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‘Blatant interference’: China condemns UK inquiry into Hong Kong democracy progress

Published time: September 02, 2014 12:58
A pro-democracy activist is detained by the police during a confrontation outside the hotel where China's National People's Congress (NPC) Standing Committee Deputy General Secretary Li Fei is staying, in Hong Kong.(Reuters / Tyrone Siu )

A pro-democracy activist is detained by the police during a confrontation outside the hotel where China's National People's Congress (NPC) Standing Committee Deputy General Secretary Li Fei is staying, in Hong Kong.(Reuters / Tyrone Siu )

Chinese authorities have demanded Britain drop an inquiry into the progress of democratic reforms in Hong Kong, accusing it of “highly inappropriate” interference in its internal affairs.

The UK Foreign Affairs Committee has been sent a letter from its Beijing counterpart after announcing plans in July to look into the state of democracy in Hong Kong. The territory was handed over to Chinese control in 1997, over a century-and-a-half after first being leased as a British Crown colony.

The letter said the probe would be a “highly inappropriate act which constitutes interference in China’s internal affairs,” according to the BBC.

The move would send "a wrong political signal to the outside world, and disrupted Hong Kong's political reform." It would also "have a negative impact on the relations between our countries."

The Chinese committee urged British lawmakers to "act with caution on the issue of Hong Kong, bear in mind the larger picture of China-UK relations and Hong Kong's prosperity and stability, stop interfering in Hong Kong's affairs and cancel the inquiry on UK-Hong Kong relations.”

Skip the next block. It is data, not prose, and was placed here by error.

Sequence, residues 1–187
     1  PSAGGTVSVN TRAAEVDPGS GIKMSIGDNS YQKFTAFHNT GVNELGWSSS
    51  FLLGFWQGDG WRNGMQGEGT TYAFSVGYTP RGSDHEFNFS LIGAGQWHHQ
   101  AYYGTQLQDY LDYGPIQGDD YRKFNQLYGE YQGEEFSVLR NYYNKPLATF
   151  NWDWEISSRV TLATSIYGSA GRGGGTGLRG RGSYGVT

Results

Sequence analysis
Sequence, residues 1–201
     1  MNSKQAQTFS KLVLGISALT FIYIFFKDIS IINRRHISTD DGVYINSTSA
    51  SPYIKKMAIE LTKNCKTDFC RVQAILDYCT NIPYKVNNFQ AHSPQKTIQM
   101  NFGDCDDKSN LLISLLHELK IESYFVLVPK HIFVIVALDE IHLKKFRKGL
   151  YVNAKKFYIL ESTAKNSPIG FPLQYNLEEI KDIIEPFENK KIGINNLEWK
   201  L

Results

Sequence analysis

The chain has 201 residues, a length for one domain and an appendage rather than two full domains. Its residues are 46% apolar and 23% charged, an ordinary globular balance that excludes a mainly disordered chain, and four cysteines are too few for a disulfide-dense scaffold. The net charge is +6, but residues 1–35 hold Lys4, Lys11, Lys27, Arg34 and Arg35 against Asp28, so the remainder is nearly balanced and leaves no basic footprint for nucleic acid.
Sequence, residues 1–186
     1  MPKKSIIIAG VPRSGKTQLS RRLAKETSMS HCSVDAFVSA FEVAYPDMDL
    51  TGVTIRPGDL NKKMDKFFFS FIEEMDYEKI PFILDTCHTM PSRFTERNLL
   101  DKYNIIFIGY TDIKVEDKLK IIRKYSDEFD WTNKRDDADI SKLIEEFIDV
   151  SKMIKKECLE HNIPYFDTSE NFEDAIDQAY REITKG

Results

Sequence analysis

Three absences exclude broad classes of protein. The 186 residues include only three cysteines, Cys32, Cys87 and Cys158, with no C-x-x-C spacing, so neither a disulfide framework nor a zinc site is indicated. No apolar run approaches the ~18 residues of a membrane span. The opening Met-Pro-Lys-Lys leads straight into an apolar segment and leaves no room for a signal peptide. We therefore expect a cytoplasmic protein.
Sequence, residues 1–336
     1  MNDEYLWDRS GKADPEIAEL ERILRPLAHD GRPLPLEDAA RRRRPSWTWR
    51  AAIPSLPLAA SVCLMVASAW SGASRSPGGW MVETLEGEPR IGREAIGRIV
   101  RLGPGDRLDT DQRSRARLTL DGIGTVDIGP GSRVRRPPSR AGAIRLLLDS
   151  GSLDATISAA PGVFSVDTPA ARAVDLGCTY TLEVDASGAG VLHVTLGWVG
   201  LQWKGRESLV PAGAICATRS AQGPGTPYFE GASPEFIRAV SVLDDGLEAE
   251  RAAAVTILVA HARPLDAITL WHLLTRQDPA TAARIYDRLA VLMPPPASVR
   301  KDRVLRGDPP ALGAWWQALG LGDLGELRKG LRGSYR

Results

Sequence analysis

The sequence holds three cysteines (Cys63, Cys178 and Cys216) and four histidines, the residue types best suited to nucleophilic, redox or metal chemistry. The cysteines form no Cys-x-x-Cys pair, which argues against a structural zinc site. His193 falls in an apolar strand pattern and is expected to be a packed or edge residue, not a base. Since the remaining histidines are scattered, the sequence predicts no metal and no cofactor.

British lawmakers are examining the implementation of the Sino-British Joint Declaration of 1984, the deal that handed Hong Kong back to China, states that the Special Administrative Region should have a semi-autonomous status and executive power, and that personal rights in the territory must be enshrined by law.

Britain has maintained a commitment to Hong Kong since the transfer of sovereignty, with the British foreign secretary reporting to parliament on the territory every six months.

Richard Ottaway, the chairman of the British foreign affairs committee, which oversees the work of the Foreign and Commonwealth Office, told the BBC he wanted to avoid any misunderstanding.

“My job, and the Foreign Affairs Select Committee’s job, is to look at whether Britain has complied with its undertakings and if China has not complied with its obligations,” Ottaway said.

“I think this is a right and proper procedure. I don’t particularly want to irritate the Chinese.

“It may well be that my committee will decide that actually the Chinese have behaved perfectly reasonably.”

A pro-democracy activist is detained by the police during a confrontation outside the hotel where China's National People's Congress (NPC) Standing Committee Deputy General Secretary Li Fei is staying, in Hong Kong September 1, 2014.(Reuters / Tyrone Siu )

The harsh rebuff from Beijing comes as thousands of activists in Hong Kong protest the mainland’s refusal to grant citizens full universal suffrage.

On Tuesday, Hong Kong police arrested at least 22 people during protests targeting a senior Chinese official visiting the city.

Pro-democracy groups in Hong Kong have vowed to fight a Chinese government ruling that effectively gives China control over the candidates for the next leadership election.

On Monday, Basic Law Committee chairman Li Fei said voters would be “confused” if there were too many candidates to choose from, the South China Morning Post reported.

The election, due in 2017, will be the first in which the Hong Kong chief executive is directly chosen by voters. However, China's legislature ruled the candidates must be approved by more than half of a special nominating body.